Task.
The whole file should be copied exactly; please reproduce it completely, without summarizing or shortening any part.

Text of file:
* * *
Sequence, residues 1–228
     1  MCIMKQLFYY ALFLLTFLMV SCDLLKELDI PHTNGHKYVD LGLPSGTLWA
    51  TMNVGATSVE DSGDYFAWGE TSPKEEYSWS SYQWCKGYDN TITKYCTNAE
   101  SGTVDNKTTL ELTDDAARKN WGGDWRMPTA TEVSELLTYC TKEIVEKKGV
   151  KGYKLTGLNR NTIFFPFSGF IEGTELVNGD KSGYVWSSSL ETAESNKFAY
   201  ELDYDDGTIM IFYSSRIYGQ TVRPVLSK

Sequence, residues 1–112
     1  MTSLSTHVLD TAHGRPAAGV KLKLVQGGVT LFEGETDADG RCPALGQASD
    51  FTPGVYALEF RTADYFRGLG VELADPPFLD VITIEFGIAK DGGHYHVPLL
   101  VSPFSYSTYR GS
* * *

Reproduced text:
Sequence, residues 1–228
     1  MCIMKQLFYY ALFLLTFLMV SCDLLKELDI PHTNGHKYVD LGLPSGTLWA
    51  TMNVGATSVE DSGDYFAWGE TSPKEEYSWS SYQWCKGYDN TITKYCTNAE
   101  SGTVDNKTTL ELTDDAARKN WGGDWRMPTA TEVSELLTYC TKEIVEKKGV
   151  KGYKLTGLNR NTIFFPFSGF IEGTELVNGD KSGYVWSSSL ETAESNKFAY
   201  ELDYDDGTIM IFYSSRIYGQ TVRPVLSK

Sequence, residues 1–112
     1  MTSLSTHVLD TAHGRPAAGV KLKLVQGGVT LFEGETDADG RCPALGQASD
    51  FTPGVYALEF RTADYFRGLG VELADPPFLD VITIEFGIAK DGGHYHVPLL
   101  VSPFSYSTYR GS